The other day, I went old school with my kids - we watched the original Knight Rider! My boys were unimpressed to begin with, until woah! It's a car that talks, and processes everything but human emotions, and self-drives. At this point, my son said, "I guess that's where the idea for Tesla came from."
I had to smile, but it got me thinking. In today's artificial intelligence world, everyone is working at teaching computers how to think and reason. But, the future we're facing with computers isn't just cars driving us around, or your house automatically shutting the windows when there's rain in the forecast. AI is going to affect how you invest your money, and even beyond that, you may at some point talk to an actual robot for financial advice. My thought here is, go back and watch the original Knight Rider - as cool as Kitt is, that car has not learned human emotions.
Now, I won't suggest that computers can never do what I do - hey, there could be a Dave Smyth 8.0! I know, you're thinking, "a future with a bunch of Dave-bots! Woah!" I mean, do you really want Dave 8.0 following you around? (Um, no.)
So, what should we expect from so-called robo-advisors? Personally, as an advisor, I'm excited about the idea of incorporating and integrating this kind of technology into my practice. At our office, probably five or 10 times a day, we get calls from folks who've forgotten their usernames or passwords. It would be great if Dave 8.0 could handle those calls. But even beyond that, I think robo-advising could be a good thing for our industry, long-term.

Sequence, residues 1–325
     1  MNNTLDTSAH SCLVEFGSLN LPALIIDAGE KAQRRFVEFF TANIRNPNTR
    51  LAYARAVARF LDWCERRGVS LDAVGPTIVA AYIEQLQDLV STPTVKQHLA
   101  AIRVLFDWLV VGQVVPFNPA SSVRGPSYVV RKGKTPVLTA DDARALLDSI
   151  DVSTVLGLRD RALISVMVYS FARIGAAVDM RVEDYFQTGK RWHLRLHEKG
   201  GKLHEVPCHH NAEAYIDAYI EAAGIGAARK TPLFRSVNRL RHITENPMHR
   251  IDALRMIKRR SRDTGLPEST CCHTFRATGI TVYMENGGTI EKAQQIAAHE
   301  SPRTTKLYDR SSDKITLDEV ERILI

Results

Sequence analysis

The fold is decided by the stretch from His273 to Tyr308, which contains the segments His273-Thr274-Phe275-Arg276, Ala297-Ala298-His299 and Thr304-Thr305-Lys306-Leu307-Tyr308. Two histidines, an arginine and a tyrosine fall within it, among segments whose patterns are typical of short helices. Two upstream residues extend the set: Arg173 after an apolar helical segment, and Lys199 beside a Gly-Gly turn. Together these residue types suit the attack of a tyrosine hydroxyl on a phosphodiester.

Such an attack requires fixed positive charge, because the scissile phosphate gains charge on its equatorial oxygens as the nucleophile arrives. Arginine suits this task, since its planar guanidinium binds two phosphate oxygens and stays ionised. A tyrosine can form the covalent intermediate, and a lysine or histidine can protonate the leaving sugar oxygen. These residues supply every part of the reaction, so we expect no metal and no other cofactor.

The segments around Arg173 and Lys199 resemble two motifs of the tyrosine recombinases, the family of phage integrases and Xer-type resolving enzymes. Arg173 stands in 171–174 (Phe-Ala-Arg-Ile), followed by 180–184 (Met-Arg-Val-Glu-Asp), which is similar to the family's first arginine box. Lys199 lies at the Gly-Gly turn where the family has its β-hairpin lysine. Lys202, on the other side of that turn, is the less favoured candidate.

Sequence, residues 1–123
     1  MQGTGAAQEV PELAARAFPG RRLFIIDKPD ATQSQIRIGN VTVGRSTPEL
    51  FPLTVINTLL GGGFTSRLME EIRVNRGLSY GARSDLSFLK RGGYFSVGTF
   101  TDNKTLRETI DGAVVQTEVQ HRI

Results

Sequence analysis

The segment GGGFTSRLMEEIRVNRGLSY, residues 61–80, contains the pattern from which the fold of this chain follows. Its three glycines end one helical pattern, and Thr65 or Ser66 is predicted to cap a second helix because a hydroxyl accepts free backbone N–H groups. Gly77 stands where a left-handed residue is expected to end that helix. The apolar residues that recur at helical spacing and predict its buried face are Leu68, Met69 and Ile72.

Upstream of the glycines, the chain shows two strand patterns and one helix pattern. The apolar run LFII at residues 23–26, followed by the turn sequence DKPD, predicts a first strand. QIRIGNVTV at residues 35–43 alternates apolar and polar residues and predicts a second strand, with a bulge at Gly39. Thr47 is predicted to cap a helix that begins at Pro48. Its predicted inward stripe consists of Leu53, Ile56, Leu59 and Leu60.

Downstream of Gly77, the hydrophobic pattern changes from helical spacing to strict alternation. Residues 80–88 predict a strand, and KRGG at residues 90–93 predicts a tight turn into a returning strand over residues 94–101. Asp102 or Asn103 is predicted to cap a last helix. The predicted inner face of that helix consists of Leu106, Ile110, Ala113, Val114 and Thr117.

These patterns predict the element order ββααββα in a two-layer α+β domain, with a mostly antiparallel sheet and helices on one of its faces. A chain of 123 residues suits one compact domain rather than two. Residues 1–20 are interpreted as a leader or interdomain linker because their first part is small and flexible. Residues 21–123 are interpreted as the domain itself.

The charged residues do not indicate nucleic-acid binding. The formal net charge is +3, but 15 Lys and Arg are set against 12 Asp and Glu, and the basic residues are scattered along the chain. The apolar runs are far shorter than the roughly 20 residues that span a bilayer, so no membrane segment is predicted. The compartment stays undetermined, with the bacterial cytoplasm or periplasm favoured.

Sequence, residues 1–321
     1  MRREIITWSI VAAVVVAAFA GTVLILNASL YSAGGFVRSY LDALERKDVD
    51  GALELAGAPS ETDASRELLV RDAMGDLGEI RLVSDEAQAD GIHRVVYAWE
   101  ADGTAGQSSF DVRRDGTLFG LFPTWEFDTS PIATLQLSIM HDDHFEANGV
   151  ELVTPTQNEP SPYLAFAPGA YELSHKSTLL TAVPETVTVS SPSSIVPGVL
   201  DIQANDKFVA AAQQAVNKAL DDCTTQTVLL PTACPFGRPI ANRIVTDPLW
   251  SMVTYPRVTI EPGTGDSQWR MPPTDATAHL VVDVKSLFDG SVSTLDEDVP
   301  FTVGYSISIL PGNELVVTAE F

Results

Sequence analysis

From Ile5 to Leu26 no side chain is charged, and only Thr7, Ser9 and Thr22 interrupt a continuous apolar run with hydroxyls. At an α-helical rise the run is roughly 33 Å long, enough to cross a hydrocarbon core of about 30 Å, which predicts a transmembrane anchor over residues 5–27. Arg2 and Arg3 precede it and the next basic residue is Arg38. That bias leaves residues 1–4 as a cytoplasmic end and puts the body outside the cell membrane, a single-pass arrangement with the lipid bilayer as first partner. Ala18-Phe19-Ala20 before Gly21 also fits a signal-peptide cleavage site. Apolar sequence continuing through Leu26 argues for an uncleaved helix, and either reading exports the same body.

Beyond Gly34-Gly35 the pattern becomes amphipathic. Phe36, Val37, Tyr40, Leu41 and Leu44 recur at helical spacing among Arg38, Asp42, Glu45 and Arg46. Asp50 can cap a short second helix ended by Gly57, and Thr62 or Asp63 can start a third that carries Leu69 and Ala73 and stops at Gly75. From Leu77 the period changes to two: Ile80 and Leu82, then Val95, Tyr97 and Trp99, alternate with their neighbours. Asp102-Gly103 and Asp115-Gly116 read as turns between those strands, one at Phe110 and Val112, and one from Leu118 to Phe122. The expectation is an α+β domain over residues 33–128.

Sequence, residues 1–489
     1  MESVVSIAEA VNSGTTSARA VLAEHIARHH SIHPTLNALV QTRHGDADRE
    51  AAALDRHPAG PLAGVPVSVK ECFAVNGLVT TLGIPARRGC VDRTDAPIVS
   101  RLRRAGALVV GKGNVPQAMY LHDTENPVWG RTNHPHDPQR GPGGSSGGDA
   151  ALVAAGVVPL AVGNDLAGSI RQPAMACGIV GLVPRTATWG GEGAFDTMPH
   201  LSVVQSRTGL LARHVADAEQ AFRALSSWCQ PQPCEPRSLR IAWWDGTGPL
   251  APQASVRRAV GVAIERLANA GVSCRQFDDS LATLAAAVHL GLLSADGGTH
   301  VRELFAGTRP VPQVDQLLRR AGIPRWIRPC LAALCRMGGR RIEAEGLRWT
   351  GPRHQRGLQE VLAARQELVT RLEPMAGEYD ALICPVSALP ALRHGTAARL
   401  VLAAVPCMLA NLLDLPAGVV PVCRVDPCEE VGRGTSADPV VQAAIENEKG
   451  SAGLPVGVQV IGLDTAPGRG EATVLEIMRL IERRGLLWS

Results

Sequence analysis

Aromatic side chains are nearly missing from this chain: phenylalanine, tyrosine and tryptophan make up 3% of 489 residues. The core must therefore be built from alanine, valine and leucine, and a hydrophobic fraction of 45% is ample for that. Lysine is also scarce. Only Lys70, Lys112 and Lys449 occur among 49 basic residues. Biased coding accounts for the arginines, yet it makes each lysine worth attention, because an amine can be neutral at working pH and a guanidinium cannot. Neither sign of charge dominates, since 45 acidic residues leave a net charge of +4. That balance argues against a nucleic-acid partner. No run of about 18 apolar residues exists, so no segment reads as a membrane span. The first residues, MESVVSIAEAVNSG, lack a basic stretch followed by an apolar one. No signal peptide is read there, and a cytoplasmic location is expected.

I've read about all the advisors out there who are afraid of robos taking their jobs. But I look at it differently. I'm excited about using technology in the best way possible, while still taking full advantage of the human knowledge and emotions we do have. People work with advisors because we can do things our clients can't or don't want to do. The way I see it, a robo-advisor could help me grow my practice by doing many of those mundane things in the day-to-day work stuff that I don't want to do. I believe that we will get to the point where robos can do a lot of services, such as withdrawals, deposits, account balances, login information, statements - but there will still be a huge gap between robos and humans.
When clients come in and ask whether they should pay off their mortgage or save for college, robo-advisors are simply not there in terms of answering that question. Each client brings a unique set of circumstances that could change the answer we give. Alexa and Siri can do a lot of things, but remember that recent news story about the robo-doctor who informed a man that he was dying? The family was none too pleased, obviously. There are still many, many situations where human touch simply cannot be replaced. They can't ask you how you feel about debt, or risk, or know what will help you sleep at night. But when you work with our team, those are the things I learn about each and every one of you. These are the things that allow me create a plan that's customized for you - not universally applied to everyone.
My point here is that, while I love and embrace technology and try to incorporate advancements into my office (and home!) when it makes sense, I don't see robo-advisors replacing me. This business is all about the relationships we form with our clients, and that's irreplaceable.